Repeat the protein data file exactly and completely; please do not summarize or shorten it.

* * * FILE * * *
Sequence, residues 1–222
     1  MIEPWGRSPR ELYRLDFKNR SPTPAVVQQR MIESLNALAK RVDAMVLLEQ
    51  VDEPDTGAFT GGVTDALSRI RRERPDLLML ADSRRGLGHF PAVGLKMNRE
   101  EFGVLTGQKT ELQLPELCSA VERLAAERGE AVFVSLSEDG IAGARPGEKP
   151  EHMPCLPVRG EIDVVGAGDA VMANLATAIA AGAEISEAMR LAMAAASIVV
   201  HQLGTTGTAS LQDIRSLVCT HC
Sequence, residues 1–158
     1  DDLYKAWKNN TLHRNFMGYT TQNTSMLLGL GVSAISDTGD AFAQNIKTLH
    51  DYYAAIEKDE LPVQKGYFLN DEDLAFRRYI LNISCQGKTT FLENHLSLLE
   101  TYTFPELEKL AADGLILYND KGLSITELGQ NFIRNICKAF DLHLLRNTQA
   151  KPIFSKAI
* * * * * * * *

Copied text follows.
Sequence, residues 1–222
     1  MIEPWGRSPR ELYRLDFKNR SPTPAVVQQR MIESLNALAK RVDAMVLLEQ
    51  VDEPDTGAFT GGVTDALSRI RRERPDLLML ADSRRGLGHF PAVGLKMNRE
   101  EFGVLTGQKT ELQLPELCSA VERLAAERGE AVFVSLSEDG IAGARPGEKP
   151  EHMPCLPVRG EIDVVGAGDA VMANLATAIA AGAEISEAMR LAMAAASIVV
   201  HQLGTTGTAS LQDIRSLVCT HC
Sequence, residues 1–158
     1  DDLYKAWKNN TLHRNFMGYT TQNTSMLLGL GVSAISDTGD AFAQNIKTLH
    51  DYYAAIEKDE LPVQKGYFLN DEDLAFRRYI LNISCQGKTT FLENHLSLLE
   101  TYTFPELEKL AADGLILYND KGLSITELGQ NFIRNICKAF DLHLLRNTQA
   151  KPIFSKAI